Hyper-Nature is a mini-series with photographer Joya Berrow, whose incredible photographs share the stories of people connecting with their bodies and the natural world. We feel inspired by their gentle way of living and hope their activities inspire more conscious movement in our communities.

Hyper-Nature: Bones Tan Jones, Artist and Musician

We spoke to Bones Tan Jones @yaya.bones, artist, musician and amateur herbalist. Through their art, they explore a narrative which combines digital technologies with the spiritual to create an alternative and optimistic reality which is hopeful and radical for queer communities.

We explored what nature has taught them, the reasons they connect with it through their moving meditations and the importance of being mindful of the spaces we take up.

Tell us a bit about you, the stories in your artwork and the connection to nature within your work.

I like to create mythologies around nature and our connection to it through fictional narratives that fuse utopian and dystopian ideologies and give a hopeful and radical reality for queer communities.

How do you play with the idea of connection and disconnection with nature?

I like to work with a kind of counteraction. I believe everything is a part of nature, both digital and organic. The concept that nature is other than the self, other than human, that nature is something outside of ourselves, is an entirely colonial construct. It's a construct that has been used to separate indigenous folks and people connected to nature from their natural habitat. We live in a society that has taught us and embedded this idea that we are all separate from nature.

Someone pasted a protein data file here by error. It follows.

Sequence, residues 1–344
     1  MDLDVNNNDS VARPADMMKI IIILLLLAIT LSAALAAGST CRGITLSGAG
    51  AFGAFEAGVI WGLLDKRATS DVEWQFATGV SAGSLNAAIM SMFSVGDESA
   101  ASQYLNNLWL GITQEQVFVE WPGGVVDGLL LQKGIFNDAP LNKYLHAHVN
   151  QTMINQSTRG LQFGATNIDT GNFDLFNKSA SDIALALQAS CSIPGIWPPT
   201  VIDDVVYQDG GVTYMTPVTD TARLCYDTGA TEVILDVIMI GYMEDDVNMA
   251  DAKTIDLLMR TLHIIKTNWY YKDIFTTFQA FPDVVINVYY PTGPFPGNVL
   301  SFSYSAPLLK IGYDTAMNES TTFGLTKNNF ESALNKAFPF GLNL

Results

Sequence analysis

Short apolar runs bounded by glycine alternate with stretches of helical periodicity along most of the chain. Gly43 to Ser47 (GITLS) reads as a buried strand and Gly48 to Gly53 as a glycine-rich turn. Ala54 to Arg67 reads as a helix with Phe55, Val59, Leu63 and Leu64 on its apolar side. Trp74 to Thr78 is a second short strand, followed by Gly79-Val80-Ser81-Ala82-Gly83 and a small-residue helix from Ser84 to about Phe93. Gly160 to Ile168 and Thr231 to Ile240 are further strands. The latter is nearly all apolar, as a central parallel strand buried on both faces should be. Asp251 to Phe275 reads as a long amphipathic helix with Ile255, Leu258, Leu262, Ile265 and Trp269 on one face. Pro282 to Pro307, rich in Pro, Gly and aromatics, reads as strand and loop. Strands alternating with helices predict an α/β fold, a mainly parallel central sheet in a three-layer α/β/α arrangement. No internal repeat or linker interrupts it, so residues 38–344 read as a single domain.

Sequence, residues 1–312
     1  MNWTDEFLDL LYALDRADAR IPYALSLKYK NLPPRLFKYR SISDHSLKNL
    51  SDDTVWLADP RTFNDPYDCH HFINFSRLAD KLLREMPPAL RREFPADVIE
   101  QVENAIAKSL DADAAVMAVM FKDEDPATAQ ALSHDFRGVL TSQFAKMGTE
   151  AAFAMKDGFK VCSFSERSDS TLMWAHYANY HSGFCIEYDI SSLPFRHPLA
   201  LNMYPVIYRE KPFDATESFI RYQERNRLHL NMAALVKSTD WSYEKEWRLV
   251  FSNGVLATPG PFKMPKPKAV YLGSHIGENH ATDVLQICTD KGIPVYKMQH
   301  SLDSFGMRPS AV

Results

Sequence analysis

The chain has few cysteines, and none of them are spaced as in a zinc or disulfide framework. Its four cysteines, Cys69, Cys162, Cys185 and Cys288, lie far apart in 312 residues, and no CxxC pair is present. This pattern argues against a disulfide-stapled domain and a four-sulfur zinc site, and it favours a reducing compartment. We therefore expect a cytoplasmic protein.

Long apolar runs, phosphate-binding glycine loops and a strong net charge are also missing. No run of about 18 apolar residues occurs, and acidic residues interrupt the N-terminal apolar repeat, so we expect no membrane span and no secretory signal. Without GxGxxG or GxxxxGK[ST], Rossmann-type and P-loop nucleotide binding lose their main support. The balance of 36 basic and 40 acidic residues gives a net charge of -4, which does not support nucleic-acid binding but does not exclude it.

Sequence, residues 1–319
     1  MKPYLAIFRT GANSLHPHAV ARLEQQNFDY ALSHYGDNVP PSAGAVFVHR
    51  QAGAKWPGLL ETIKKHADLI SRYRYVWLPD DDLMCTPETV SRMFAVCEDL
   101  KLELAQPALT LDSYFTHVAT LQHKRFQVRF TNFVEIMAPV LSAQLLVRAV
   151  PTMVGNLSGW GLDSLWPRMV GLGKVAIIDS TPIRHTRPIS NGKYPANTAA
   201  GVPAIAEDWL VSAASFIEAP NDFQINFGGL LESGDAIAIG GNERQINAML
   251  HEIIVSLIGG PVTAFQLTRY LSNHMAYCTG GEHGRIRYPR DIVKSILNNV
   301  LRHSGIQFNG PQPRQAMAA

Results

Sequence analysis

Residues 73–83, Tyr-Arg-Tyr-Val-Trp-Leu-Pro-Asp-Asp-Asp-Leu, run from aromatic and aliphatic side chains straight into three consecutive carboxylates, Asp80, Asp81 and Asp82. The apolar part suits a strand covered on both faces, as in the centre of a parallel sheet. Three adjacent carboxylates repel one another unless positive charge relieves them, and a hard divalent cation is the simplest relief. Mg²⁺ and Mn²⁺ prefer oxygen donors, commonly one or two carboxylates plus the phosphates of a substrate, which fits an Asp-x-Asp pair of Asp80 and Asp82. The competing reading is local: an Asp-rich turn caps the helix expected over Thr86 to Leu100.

Things, like digital and electronic materials, are attempts to try and mimic nature. For example, the root system of a tree is like the web of the internet, and these are the sorts of dualities I try to use in my work.

What does nature teach you?

Oh, there are many lessons that nature has taught me just through observing and listening. I love that a flower doesn’t bloom forever, and that’s okay as it has so many other uses apart from being beautiful. The flower might become a berry or be medicinal, and we can apply this to ourselves too.

There are so many different ways for us to be; it doesn’t need to be outwardly performative and beautiful to the outside world. It can just be for us within ourselves.

Why do you choose to practice your moving meditations in nature?

I have been practising Qigong for a few years now, and I love to do these moving meditations surrounded by trees and nature. The conscious, intentional movements make me feel like I’m becoming or returning to earth and becoming an energy pathway. So open and clear. It is another way to remember that we are a part of the wider ecosystem.

How does it feel to be in your body doing these practices?

When I move in this way, my anxiety melts away, and any tension disappears. It’s kind of like a realignment back to my centre. It connects me to my breath, it settles and eases the mind and helps clear my head so I can think clearly. It's so important for me to do this every day to move forward in a grounding way.

Words, photographs and video by Joya Berrow